Council on Medical Student Education in Pediatrics


Search This Site

COMSEP 2008 Atlanta Meeting

Poster Presentation:

Enhancing Cultural Competence Education in a Pediatric Core Clerkship- Preliminary Results of a Qualitative Analysis of Students - Reflective Responses to Disparities in Access to Health Care

Sajjad A.Yacoob, Frank R. Sinatra, Madeleine Bruning,
Keck School of Medicine at the University of Southern California

Introduction:   The Keck School of Medicine at the University of Southern California developed a four-year integrated curriculum in cultural competence. It was not clear, however, the best ways to design a curriculum that is contextually meaningful for students. Can the “implicit” nuances of professional behavior be captured and made into “explicit” lessons? Although students may recognize that humanistic care is an essential element of “doctoring”, the exercises or methods used to teach intangible attitudes are commonly perceived by students as disconnected from the required clerkship.
Objective: To determine whether incorporating a reflective writing component was an effective teaching strategy to increase the students’ awareness and response to identified disparities in health care access through qualitative analysis.
Method:  A convenience sample of 164 third year medical students in the Pediatric Core Clerkship participated in this curriculum intervention. Using one of the clerkship’s core competencies as the pillar, “Provide health care to a diverse, multicultural patient population and recognize the impact of social, cultural and spiritual beliefs and practices upon the physician and patient relationship and management of disease”, an existing literature/evidence based case assignment was modified to incorporate a reflective component. The central premise of this approach was a deliberate and conscious decision to make the assignment contextually relevant to actual patient care.  Selected current resources were accessible to the students through the web-based course platform and a list of “guiding questions” to prompt reflective thinking/action were available for students to review. One hundred and sixty two students papers from two sites were read and coded by faculty members.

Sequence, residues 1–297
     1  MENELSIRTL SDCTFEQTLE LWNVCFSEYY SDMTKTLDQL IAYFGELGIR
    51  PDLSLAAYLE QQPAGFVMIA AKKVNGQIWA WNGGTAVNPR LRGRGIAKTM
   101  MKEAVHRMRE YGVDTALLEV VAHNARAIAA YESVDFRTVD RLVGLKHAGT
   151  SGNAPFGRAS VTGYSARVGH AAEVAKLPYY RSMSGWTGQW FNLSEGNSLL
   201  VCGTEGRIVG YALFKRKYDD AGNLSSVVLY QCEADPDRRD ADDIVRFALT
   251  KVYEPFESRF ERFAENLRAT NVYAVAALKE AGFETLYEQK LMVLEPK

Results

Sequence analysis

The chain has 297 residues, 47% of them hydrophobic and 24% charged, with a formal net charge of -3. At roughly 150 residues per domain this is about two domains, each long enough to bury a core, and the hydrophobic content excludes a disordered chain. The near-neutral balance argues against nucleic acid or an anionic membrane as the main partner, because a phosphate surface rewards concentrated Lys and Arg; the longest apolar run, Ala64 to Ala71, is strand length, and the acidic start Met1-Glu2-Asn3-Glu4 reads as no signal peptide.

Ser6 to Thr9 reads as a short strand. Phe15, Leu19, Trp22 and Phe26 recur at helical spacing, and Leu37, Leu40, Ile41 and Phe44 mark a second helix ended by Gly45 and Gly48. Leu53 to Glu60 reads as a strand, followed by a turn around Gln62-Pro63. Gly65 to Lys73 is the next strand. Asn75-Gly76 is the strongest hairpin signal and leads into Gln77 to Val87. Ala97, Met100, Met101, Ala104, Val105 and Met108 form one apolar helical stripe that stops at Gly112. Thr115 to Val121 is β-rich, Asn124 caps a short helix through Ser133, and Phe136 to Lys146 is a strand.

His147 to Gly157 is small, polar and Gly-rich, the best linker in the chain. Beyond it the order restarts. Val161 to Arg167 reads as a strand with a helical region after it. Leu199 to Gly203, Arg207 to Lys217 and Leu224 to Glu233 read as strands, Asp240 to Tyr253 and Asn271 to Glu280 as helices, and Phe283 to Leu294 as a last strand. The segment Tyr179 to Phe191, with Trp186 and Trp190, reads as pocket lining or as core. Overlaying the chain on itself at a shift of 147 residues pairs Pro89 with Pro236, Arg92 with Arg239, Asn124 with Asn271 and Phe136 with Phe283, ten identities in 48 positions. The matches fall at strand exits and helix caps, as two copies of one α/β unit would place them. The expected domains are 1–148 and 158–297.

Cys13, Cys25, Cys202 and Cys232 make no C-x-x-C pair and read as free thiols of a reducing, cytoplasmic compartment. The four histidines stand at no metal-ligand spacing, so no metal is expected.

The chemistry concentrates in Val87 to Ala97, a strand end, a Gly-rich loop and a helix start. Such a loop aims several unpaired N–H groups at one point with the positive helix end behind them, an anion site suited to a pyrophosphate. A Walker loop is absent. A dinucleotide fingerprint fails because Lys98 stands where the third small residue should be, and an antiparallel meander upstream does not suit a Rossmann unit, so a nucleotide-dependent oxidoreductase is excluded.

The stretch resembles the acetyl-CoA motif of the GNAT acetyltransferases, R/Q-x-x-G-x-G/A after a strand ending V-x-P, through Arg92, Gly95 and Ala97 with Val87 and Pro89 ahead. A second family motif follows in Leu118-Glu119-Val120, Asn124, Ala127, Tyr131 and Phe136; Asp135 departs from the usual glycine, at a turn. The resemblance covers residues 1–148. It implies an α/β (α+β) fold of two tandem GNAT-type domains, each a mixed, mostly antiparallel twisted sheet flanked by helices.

Results: The students’ reflective writings identified eight general elements related to disparities in access to health care. More importantly, their statements revealed the impact of the encounter upon their learning and how this might affect their future behaviors and actions as physicians. Themes from these reflective statements were grouped into three categories: Knowledge-attainment of facts/information, Process- howstudents’ utilized the new knowledge to help their patients and Awareness- students’ feelings/beliefs about the encounter.

Conclusion:  Preliminary findings from a qualitative analysis indicate that a reflective writing component enables students to increase their awareness and response to disparities in access to health care, allowing students to take pause about humanistic care and compassionate role of the physician. Addresses LCME curriculum requirements related to culturally sensitive care, life-long learning and self knowledge.